Music Perception for Cochlear Implant Users
A Web Conference for Musicians with Hearing Loss
One young pianist named Holly explains her experience perceiving sound and music through her implants in this clip from the documentary Lost and Sound: she can sense the difference between pitches, and hear certain pitches better than others, even though the notes seem more like vibrations than actual sounds.
Music perception is so much more complex than speech perception that cochlear implant users, after implantation, often have to learn or relearn to listen to music. Despite the challenges, plenty of cochlear implant wearers are dedicated musicians—such as Wendy Cheng (who plays viola) and other members of the Association of Adult Musicians with Hearing Loss (AAMHL), which she founded.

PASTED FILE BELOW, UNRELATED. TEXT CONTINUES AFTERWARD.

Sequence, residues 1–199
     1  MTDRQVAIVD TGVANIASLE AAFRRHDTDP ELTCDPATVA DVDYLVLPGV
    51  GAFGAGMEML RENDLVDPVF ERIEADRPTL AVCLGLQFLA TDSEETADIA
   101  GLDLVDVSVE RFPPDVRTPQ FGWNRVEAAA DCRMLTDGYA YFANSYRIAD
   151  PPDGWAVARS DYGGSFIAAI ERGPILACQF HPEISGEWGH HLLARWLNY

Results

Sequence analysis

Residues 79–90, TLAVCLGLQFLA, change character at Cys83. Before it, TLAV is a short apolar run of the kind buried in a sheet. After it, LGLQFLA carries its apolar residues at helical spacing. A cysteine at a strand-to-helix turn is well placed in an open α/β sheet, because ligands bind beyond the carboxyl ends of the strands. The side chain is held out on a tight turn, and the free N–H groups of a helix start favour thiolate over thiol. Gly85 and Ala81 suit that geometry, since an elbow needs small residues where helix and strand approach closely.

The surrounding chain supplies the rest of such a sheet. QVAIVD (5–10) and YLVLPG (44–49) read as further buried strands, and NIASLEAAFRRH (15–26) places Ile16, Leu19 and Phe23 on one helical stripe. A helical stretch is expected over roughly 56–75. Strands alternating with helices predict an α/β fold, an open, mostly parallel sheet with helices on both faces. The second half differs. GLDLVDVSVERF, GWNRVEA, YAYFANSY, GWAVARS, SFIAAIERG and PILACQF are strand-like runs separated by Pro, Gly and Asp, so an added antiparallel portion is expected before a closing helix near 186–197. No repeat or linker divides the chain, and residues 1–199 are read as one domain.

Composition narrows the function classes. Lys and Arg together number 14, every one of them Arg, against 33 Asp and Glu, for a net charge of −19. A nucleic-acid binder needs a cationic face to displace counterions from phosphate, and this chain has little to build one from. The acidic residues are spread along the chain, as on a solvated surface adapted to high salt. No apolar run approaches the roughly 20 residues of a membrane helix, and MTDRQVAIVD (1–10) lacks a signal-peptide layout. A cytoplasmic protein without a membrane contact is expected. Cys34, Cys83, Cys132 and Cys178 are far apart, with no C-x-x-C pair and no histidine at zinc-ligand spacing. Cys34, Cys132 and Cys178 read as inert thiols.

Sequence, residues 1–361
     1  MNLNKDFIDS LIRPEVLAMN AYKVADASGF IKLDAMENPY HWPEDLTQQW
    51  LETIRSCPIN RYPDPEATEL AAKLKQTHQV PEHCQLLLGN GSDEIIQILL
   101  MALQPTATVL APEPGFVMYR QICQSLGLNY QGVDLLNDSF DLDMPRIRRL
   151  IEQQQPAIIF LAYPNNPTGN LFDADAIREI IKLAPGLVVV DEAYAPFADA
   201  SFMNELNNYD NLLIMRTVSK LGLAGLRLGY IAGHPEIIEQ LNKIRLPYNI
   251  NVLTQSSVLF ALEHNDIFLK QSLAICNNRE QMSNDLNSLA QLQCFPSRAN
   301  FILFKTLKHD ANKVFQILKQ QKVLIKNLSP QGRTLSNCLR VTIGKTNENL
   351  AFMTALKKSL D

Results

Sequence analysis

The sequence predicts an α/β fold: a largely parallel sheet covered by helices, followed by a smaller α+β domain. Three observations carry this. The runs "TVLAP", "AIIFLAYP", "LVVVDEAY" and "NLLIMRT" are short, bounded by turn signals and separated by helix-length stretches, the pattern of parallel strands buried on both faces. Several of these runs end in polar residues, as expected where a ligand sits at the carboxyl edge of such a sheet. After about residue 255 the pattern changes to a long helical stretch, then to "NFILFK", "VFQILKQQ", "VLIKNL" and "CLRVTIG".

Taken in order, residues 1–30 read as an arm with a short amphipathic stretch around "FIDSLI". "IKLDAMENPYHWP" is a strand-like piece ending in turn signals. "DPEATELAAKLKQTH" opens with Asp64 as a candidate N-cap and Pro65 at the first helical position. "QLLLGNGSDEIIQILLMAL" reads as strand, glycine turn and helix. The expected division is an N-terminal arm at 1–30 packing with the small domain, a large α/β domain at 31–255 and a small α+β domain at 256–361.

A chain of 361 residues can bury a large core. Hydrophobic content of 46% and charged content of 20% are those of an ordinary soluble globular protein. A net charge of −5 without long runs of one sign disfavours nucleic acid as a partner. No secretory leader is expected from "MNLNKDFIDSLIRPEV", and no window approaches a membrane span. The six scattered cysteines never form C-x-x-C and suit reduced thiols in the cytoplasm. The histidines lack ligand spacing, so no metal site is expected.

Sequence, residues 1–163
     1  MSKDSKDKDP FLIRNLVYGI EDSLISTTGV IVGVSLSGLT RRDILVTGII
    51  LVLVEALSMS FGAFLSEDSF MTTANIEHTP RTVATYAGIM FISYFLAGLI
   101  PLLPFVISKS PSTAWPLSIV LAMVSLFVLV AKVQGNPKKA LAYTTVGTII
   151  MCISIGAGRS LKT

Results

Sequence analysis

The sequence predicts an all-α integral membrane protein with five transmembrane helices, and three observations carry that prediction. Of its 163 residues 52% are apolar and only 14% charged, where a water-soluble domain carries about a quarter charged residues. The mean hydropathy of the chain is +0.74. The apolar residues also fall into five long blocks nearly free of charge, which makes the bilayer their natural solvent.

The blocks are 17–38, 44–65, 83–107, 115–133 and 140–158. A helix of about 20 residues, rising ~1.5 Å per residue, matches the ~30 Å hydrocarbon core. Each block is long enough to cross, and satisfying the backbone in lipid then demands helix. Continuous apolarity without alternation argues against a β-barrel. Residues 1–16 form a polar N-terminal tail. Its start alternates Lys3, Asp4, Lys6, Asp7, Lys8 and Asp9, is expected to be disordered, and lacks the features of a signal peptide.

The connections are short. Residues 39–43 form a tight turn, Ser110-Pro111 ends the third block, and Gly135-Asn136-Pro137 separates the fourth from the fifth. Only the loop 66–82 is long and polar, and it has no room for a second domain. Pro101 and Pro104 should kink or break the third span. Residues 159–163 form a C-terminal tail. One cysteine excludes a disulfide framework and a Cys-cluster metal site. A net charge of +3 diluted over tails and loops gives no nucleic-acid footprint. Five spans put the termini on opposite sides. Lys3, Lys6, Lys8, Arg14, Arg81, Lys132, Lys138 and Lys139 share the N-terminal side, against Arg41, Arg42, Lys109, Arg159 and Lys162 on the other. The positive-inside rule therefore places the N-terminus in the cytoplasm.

On September 7, 2013, anyone interested can participate in an exchange of ideas on the topic, in the form of a web conference organized by AAMHL and titled Learning and Making Music with a Hearing Loss: Issues for Cochlear Implant Users. Specific topics to be discussed include perception of musical intervals, various forms of music participation (solo and chamber musicians, music teachers, etc.), and music rehabilitation.
Some of the presenters are researchers in the field, but Wendy Cheng stresses, “You will not need a degree in hearing science to understand the presentations. We have been fortunate to find presenters who are willing to use layman terms”—setting this conference apart from the many forums for scientists and experts to present their findings in technical terms.
Several of the other presenters and panelists are musicians (a guitarist, a saxophonist, a pianist/organist, a band director, a composer) who use cochlear implants. No doubt they all have their own ways of describing their musical experiences—and inspiring others with hearing loss and implants to continue pursuing music.